ElasticSearch Main Use CasesElasticSearch can be used for multiple purposes, such as:
- Logging and Log Analysis: The ecosystem built up around Elasticsearch has made it one of the easiest to implement and scale logging solutions.
- Scraping and Combining Public Data: Elasticsearch has the flexibility needed to take in multiple different sources of data and keep it all manageable and searchable.
- Full-Text Search: ElasticSearch is document oriented. It stores and indexes documents. Indexing creates or updates documents. Once the indexing is finished, you can search, sort, and filter complete documents—not rows of columnar data.
- Event Data and Metrics: Elasticsearch is also known for working great well on time-series data such as metrics and application events. No matter the technology you are using ElasticSearch probably has the needed components to easily grab data for common applications; and in the rare case that it doesn't, adding that capability is quite easy.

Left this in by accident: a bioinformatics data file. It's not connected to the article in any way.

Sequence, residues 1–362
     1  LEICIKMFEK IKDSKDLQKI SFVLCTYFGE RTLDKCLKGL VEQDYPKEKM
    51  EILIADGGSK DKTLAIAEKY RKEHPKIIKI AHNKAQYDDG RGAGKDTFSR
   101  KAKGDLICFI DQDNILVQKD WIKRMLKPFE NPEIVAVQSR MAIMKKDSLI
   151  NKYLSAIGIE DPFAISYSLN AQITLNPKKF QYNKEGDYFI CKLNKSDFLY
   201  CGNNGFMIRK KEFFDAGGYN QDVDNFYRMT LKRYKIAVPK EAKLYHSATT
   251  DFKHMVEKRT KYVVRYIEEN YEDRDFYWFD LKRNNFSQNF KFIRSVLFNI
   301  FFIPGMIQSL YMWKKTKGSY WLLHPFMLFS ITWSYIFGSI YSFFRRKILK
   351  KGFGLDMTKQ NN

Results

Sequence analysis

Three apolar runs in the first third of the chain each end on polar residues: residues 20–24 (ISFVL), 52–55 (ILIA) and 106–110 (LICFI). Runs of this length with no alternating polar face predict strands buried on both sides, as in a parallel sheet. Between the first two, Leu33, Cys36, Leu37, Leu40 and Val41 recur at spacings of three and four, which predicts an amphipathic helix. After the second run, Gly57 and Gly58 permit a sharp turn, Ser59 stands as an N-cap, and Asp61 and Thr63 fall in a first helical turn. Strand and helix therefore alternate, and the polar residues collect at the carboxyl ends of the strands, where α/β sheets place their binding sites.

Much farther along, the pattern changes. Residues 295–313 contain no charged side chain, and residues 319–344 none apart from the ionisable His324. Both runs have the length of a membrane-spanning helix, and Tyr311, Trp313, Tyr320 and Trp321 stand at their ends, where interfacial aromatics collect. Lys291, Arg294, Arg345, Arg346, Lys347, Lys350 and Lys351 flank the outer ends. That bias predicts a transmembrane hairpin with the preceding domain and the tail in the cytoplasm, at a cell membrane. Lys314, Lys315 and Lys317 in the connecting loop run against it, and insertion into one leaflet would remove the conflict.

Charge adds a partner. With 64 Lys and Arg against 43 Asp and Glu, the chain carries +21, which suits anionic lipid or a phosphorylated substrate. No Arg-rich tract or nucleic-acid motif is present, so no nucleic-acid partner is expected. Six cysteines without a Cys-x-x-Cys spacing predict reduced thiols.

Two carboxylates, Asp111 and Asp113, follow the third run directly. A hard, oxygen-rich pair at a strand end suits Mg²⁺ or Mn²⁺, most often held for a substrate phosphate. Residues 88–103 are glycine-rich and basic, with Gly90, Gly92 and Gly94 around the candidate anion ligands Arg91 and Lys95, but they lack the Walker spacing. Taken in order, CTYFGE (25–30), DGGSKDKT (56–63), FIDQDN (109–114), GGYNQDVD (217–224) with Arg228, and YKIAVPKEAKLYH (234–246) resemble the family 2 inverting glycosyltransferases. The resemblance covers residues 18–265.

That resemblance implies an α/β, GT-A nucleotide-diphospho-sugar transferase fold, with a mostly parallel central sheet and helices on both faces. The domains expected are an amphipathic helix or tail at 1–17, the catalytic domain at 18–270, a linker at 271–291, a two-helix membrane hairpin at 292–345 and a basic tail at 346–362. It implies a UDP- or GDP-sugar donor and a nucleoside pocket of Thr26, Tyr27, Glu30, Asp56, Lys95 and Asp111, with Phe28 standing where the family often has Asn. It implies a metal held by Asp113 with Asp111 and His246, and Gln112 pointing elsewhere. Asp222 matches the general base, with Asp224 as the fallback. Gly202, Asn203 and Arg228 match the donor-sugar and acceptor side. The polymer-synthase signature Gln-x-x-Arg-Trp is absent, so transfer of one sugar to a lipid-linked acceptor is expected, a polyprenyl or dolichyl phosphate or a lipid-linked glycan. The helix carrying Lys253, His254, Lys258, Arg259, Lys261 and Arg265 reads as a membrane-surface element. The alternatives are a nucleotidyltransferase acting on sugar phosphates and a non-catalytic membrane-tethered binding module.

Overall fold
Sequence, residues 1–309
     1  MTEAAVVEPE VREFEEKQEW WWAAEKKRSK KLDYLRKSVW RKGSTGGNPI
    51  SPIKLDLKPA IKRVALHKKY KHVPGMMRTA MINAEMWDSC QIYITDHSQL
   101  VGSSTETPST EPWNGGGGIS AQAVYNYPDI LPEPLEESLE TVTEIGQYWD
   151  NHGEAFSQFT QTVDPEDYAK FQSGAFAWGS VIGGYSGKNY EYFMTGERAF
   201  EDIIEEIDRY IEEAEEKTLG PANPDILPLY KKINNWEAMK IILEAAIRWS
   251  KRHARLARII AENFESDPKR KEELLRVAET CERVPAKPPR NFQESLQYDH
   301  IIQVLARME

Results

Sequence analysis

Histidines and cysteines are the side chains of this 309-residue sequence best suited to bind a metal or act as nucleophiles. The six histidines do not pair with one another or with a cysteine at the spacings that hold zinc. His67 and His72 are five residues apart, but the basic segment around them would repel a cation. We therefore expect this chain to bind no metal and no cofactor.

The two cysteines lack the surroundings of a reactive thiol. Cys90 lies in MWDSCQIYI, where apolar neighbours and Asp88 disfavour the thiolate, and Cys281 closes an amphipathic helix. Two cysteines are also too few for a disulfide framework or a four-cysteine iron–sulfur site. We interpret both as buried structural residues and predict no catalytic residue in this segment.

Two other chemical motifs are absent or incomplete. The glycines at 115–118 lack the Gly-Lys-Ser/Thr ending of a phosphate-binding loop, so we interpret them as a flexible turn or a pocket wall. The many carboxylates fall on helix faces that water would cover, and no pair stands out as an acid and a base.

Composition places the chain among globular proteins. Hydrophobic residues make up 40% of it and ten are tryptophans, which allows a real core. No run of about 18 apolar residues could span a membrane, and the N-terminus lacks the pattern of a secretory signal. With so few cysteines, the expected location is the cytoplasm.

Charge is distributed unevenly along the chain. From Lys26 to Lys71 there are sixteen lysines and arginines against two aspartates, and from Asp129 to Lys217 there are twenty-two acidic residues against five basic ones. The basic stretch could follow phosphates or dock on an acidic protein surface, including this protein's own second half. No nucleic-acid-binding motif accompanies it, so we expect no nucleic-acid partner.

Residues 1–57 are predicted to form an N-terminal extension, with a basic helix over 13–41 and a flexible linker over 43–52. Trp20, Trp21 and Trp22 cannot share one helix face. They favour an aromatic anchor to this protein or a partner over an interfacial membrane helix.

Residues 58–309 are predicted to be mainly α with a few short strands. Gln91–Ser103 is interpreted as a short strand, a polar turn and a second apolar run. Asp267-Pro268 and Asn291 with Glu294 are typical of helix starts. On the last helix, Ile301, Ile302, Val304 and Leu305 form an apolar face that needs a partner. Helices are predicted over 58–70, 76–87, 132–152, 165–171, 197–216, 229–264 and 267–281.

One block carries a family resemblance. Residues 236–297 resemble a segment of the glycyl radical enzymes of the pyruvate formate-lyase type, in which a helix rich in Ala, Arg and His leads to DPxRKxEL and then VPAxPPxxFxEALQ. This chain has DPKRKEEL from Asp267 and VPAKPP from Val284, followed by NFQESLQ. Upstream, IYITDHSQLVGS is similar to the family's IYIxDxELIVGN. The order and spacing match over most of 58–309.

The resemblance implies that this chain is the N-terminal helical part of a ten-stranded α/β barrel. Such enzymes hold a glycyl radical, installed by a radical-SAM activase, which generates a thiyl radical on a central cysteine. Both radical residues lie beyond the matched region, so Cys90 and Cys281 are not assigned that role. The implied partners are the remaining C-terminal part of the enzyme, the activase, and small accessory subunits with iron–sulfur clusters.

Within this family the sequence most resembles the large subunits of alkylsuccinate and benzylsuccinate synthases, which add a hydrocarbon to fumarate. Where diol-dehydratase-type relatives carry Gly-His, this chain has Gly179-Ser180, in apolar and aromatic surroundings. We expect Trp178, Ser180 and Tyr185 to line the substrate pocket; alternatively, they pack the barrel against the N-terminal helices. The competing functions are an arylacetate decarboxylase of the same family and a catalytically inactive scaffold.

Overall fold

ElasticSearch Data VisualizationElasticsearch allows you to search and filter through all sorts of data via a simple API. The API is RESTful, so users can not only use it for data-analysis but can also use it in production for web-based applications. Currently, Elasticsearch includes faceted search, a functionality that allows you to compute aggregations of your data. Here are some of the most relevant features:
- It provides a scalable search solution.
- Performs near-real-time searches.
- Provides support for multi-tenancy.
- Streamlines backup processes and ensures data integrity.
- An index can be recovered in case of a server crash.
- Automatically indexes JSON documents.
- Indexing uses unique type-level identifiers.
- Each index can have its own settings.
- Searches can be done with Lucene-based querystrings.
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